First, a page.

Mexico’s consul general values neighbors in Curtis Park

Liliana Ferrer often talks about good neighbors. As the senior representative of Mexico in California, Ferrer sees the relationship between the two governments in terms of neighbors who must work together, in spite of a troubled history and hostility from the current resident of the White House.

“We have historical ties that go back hundreds of years, and we will be neighbors forever,” says Ferrer. “Mexico wants to build bridges, and good neighbors find ways to resolve challenging issues and collaborate as a team.”

Liliana Ferrer and husband Douglas Smurr enjoy taking their dog, Maya, for walks in
the neighborhood. Ferrer calls Maya “la Consentida,” the spoiled one in the family

Ferrer and her family moved to Curtis Park in 2017 after she was appointed Mexico’s consul general. Her husband, Douglas Smurr, grew up in Sacramento.

He is an attorney who has specialized in Mexico and Latin America. Their daughter, Maria Cecilia, attends Sacramento City College and plans to transfer to a University of California campus. Son Alex is in the HISP program at C.K. McClatchy High School.

To Ferrer, Curtis Park is not just a neighborhood. It is a political ally, a great place to raise children, and a lesson in history. The family home on Markham Way represents part of that history, she says. Some of that is architectural, but she was also fascinated to learn that the perimeter of John Sutter’s original land grant, given to him by the Mexican government in the 1840s, runs right by her home.

Ferrer embodies bridge-building in both her personal and professional life. Born in Mexico City, she attended Del Campo High School in Carmichael while her father, Carlos Ferrer, served as consul general of Mexico in the 1980s. She studied international relations at UC Davis, and continued for a master’s degree at UC San Diego, where she was a fellow at the Center for U.S.-Mexican Studies.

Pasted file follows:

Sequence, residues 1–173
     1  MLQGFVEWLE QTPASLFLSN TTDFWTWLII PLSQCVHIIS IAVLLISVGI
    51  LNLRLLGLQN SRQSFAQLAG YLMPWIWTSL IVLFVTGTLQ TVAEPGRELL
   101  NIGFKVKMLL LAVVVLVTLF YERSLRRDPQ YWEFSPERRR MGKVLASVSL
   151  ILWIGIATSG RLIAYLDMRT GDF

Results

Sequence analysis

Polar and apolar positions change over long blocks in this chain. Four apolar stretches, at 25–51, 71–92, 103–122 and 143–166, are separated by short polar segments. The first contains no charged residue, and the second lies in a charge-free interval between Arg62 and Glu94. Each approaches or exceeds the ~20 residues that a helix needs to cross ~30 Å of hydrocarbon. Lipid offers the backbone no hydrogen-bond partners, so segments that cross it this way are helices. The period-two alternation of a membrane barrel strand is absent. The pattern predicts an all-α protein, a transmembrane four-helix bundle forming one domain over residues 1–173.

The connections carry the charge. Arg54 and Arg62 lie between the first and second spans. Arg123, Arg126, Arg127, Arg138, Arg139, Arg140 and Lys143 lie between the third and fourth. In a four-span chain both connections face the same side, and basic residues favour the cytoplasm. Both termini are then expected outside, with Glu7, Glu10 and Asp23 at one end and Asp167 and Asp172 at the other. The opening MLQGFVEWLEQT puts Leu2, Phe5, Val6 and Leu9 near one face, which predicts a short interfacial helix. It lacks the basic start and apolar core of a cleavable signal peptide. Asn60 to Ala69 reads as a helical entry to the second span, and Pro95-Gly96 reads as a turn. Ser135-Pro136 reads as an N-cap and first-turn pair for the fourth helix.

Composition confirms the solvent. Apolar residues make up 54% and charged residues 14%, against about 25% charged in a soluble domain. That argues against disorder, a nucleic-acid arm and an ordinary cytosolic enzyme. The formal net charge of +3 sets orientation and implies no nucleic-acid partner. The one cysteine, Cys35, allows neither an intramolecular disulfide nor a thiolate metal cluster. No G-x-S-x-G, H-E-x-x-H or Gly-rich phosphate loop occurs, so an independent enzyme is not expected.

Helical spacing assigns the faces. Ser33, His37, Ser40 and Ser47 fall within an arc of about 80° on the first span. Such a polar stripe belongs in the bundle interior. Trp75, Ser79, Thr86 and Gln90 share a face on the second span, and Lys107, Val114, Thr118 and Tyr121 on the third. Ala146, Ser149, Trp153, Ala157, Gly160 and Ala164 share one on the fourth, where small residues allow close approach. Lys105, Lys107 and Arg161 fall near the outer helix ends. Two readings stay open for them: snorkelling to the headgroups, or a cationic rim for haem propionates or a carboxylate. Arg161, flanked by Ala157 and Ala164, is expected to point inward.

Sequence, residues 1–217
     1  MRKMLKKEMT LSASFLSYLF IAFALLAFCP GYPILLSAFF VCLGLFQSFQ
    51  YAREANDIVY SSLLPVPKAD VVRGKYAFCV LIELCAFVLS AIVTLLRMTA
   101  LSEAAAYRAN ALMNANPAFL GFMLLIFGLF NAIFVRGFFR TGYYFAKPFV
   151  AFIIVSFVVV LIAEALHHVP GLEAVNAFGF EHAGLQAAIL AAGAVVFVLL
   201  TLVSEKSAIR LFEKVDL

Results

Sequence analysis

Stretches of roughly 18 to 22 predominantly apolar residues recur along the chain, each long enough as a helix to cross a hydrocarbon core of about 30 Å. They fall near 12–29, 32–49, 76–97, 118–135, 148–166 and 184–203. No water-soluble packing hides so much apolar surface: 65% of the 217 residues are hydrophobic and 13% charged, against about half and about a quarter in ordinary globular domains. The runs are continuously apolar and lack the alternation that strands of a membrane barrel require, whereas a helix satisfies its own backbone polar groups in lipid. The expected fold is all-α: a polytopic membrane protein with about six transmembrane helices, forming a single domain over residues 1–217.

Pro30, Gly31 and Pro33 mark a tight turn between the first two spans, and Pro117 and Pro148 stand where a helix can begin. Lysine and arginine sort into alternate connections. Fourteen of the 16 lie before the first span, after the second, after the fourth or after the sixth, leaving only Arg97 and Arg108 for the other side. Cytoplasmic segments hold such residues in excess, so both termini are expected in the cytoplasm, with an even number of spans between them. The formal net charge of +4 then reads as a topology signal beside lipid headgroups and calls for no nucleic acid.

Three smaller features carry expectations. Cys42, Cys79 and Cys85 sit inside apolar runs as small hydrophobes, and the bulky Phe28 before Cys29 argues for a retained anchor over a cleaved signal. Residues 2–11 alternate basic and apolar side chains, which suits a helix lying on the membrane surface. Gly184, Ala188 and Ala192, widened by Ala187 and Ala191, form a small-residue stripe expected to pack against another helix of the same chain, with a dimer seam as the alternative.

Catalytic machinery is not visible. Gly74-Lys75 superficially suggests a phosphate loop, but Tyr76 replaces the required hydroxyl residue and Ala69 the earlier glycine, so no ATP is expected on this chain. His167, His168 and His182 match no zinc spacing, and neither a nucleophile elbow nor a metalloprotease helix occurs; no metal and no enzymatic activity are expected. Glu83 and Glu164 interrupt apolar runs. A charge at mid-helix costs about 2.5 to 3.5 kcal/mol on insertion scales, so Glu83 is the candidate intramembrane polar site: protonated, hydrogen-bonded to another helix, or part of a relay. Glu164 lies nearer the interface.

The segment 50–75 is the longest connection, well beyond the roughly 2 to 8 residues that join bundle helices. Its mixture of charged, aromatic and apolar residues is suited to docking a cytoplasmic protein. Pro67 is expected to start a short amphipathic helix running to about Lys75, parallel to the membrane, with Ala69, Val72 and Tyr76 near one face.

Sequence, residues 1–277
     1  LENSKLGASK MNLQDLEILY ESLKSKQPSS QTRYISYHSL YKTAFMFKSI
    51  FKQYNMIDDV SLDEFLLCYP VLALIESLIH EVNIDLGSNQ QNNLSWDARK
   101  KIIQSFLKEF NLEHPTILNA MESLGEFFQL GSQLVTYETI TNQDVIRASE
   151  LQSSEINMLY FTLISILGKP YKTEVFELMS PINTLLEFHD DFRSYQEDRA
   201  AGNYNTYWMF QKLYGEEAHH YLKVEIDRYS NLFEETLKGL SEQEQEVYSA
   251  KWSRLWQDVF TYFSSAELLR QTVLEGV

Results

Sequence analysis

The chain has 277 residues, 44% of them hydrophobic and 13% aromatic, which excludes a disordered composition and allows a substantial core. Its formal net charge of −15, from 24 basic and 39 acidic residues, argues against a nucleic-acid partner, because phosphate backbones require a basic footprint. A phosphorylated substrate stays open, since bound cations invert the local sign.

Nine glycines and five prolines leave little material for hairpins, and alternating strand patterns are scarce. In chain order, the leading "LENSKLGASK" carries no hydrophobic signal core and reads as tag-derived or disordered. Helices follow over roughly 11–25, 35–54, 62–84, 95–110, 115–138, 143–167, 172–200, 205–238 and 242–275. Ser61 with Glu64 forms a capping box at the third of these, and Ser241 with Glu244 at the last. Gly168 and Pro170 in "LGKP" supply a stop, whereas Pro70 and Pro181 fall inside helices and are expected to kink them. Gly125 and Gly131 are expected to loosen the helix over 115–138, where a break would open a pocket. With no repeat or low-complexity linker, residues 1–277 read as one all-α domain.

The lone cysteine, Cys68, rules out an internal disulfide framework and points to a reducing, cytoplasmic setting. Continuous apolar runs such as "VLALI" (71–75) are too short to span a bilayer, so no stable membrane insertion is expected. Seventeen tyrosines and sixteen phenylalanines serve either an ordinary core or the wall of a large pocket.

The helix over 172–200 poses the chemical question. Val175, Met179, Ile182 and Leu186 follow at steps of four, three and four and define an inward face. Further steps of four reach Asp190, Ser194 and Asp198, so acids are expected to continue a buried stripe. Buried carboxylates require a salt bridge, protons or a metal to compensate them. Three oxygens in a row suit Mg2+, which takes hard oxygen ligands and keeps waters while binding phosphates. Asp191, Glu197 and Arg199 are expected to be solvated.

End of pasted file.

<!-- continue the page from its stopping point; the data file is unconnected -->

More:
Ferrer has spent more than 25 years in Mexico’s foreign service, including at the consulates in Los Angeles and San Diego, as well as eight years at the Mexican Embassy in Washington, D.C. Last year, outgoing Mexican President Enrique Peña Nieto recognized her experience and skills, elevating her to the rank of ambassador.

As a foreign service officer, “that’s the apex of our career,” she says. It also means a greater responsibility for serving her compatriots and getting things right.

Ferrer’s appointment to be consul general in Sacramento followed an assignment as deputy chief of mission at the Mexican Embassy in Paris.

The Mexican Consulate, located in Natomas, serves nearly one million Mexican nationals living in 24 Northern California counties.

Part of Ferrer’s job is to help California’s Mexican immigrants remain in the state, which is a subject of collaboration between California and Mexico.

Ferrer says it is a mistake to think of immigrants simply as “some sort of foreign group, where in reality, they’re your neighbor and they’re your kid’s friend at school and they’re your kid’s teacher at school, and they’re the nurse that took care of you.” Ferrer reminds that “these are members of your community … and they’re just asking for a chance to continue … being part of your community and being your good neighbor.”

Ferrer said her family relishes the progressive feeling of both the neighborhood and California as a whole, as well as the willingness to support Mexicans in this country.

“California has played a leadership role in standing up for what is right,” she says.

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